We can make some generalizations about what type of processing is done on a PDU between when it is received and when it is retransmitted. First, it is examined to determine what further processing will be done on it. This examination consists of looking at the PDU contents to see which patterns of interest it contains. This process is referred to as classification and it is used in routing, firewalling, quality of service implementation, and policy enforcement.
For example, a network processor might be enforcing a policy that prioritizes an enterprise's internal communications over external web traffic. The first step in this process is to distinguish between the two traffic types.
A PDU may be modified. For example, an IP packet will have its time-to-live counter reduced. In label-switched traffic, an incoming label will be replaced with an outgoing label. Headers may be added or removed. Modification usually entails recalculation of a CRC or checksum.
Re-transmission of a PDU is not generally straightforward. Some PDUs may be prioritized over others. Some may be discarded. Multiple queues may exist with different priorities.
Classification, modification, queueing, and buffer management are some of the wire speed operations that a network processor may perform. Others include security (encryption, decryption, and authentication), policing, compression, and traffic metrics.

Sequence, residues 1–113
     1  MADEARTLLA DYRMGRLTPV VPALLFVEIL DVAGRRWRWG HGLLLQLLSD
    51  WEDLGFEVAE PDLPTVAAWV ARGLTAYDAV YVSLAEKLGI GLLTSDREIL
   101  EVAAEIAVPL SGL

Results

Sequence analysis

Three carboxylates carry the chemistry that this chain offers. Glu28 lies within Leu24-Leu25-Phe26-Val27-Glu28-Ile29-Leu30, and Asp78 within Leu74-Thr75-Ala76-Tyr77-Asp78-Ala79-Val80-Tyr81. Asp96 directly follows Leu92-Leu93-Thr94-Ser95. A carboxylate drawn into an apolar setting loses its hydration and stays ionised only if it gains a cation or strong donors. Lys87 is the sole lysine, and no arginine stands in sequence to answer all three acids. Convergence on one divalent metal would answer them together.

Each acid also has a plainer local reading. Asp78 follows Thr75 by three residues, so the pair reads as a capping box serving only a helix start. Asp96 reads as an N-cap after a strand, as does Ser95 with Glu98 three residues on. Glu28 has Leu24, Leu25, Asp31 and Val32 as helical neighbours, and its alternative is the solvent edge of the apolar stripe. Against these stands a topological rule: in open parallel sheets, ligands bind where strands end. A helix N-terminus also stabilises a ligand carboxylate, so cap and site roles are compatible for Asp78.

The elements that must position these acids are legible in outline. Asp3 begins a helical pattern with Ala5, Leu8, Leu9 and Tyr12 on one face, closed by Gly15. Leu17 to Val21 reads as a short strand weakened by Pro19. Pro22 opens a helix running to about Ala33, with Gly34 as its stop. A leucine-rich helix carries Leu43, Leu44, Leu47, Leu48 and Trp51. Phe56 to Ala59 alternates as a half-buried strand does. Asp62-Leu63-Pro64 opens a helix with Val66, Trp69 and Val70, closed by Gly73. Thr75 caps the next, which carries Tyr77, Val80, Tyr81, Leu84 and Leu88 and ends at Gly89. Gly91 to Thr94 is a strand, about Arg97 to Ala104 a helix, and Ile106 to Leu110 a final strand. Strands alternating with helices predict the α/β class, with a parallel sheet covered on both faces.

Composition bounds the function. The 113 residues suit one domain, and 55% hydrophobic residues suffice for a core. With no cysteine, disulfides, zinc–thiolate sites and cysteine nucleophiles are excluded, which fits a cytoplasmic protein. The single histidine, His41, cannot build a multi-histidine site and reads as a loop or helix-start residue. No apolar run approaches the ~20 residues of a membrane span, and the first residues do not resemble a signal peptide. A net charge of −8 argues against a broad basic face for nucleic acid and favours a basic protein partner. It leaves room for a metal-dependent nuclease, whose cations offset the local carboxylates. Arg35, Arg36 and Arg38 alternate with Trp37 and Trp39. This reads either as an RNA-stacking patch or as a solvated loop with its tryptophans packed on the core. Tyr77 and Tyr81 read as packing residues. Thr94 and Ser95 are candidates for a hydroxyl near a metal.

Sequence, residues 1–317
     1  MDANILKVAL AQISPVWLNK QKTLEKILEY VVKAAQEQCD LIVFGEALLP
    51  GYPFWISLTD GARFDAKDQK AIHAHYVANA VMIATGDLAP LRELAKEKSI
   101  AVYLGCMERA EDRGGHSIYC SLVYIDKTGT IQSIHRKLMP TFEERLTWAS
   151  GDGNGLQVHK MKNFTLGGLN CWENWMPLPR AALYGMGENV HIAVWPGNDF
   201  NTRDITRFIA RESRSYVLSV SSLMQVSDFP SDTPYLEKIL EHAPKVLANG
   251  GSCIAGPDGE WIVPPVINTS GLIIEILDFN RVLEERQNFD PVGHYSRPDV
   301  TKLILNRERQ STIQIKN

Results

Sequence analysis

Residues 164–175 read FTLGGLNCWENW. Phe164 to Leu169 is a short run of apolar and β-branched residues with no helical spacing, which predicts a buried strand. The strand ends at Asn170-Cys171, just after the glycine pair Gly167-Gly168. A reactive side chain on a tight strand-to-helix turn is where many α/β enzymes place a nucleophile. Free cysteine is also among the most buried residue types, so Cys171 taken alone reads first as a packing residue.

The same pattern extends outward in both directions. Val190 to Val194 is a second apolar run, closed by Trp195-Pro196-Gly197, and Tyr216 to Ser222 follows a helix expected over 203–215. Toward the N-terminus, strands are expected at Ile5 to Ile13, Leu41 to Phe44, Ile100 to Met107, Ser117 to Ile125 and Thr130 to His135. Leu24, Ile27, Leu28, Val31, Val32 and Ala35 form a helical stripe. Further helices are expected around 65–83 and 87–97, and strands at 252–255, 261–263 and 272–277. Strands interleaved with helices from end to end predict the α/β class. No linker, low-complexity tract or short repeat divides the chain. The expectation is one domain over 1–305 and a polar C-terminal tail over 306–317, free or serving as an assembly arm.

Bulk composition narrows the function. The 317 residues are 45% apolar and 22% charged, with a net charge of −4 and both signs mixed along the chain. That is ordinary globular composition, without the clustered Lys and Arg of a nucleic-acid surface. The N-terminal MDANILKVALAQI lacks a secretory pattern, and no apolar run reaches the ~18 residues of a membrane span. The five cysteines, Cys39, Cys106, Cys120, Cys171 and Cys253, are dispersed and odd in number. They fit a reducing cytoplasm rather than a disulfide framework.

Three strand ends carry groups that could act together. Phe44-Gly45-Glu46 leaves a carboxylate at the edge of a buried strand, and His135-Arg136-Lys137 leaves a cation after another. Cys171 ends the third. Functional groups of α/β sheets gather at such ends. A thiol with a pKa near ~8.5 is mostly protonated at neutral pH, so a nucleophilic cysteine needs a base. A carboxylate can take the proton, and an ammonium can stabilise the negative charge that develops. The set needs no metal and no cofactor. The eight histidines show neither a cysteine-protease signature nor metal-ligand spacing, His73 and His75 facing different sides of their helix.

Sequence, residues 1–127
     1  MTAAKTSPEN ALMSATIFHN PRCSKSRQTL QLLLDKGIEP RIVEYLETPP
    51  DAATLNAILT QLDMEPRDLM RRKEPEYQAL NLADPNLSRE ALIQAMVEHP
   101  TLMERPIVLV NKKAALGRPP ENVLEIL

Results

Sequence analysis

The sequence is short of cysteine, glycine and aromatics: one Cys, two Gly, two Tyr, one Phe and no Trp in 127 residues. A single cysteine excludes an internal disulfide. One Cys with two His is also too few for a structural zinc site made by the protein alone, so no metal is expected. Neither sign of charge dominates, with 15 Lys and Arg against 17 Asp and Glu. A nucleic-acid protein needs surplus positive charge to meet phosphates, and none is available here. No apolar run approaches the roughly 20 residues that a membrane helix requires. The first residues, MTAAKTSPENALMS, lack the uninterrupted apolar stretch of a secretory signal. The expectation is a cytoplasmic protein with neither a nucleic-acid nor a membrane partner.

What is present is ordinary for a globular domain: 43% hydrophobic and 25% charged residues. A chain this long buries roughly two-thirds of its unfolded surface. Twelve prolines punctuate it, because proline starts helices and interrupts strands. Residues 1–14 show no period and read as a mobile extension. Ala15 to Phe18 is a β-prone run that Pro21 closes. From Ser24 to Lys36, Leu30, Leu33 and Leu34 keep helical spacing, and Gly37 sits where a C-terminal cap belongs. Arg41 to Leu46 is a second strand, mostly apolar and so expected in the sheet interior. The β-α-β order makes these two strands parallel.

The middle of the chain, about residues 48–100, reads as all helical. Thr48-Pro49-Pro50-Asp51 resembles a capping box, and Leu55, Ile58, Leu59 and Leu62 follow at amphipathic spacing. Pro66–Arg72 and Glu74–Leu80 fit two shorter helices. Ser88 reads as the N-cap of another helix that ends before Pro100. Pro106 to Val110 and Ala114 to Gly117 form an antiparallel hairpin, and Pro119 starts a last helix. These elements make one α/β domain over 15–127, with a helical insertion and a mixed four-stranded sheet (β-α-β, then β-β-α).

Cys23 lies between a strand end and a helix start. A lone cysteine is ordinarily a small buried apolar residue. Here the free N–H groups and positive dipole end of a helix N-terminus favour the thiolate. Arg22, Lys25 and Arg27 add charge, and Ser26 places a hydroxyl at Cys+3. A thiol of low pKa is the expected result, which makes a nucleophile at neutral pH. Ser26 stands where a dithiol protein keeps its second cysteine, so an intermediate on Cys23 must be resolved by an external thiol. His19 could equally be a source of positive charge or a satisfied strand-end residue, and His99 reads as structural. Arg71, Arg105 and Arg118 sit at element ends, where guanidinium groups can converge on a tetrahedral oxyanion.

How do network processors work?
With network bandwidth relentlessly outpacing silicon speed and with perpacket-processing going through the roof, what kind of processor architecture can address the challenge? A network processor architecture must extract a high level of performance per gate of silicon. In pursuit of this, it compromises on issues such as ease of programming.
Consider how much silicon a modern GPP such as a Pentium or a PowerPC devotes not just to achieving speed, but to preserving ease of programming. The GPP takes a sequence of instructions, pipelines it, analyzes and dissects it, executes multiple instructions in parallel, manages multiple copies of registers, caches memory, and produces an illusion that the instructions were executed one after the other. Network processors eschew these complexities and use the saved silicon for other purposes.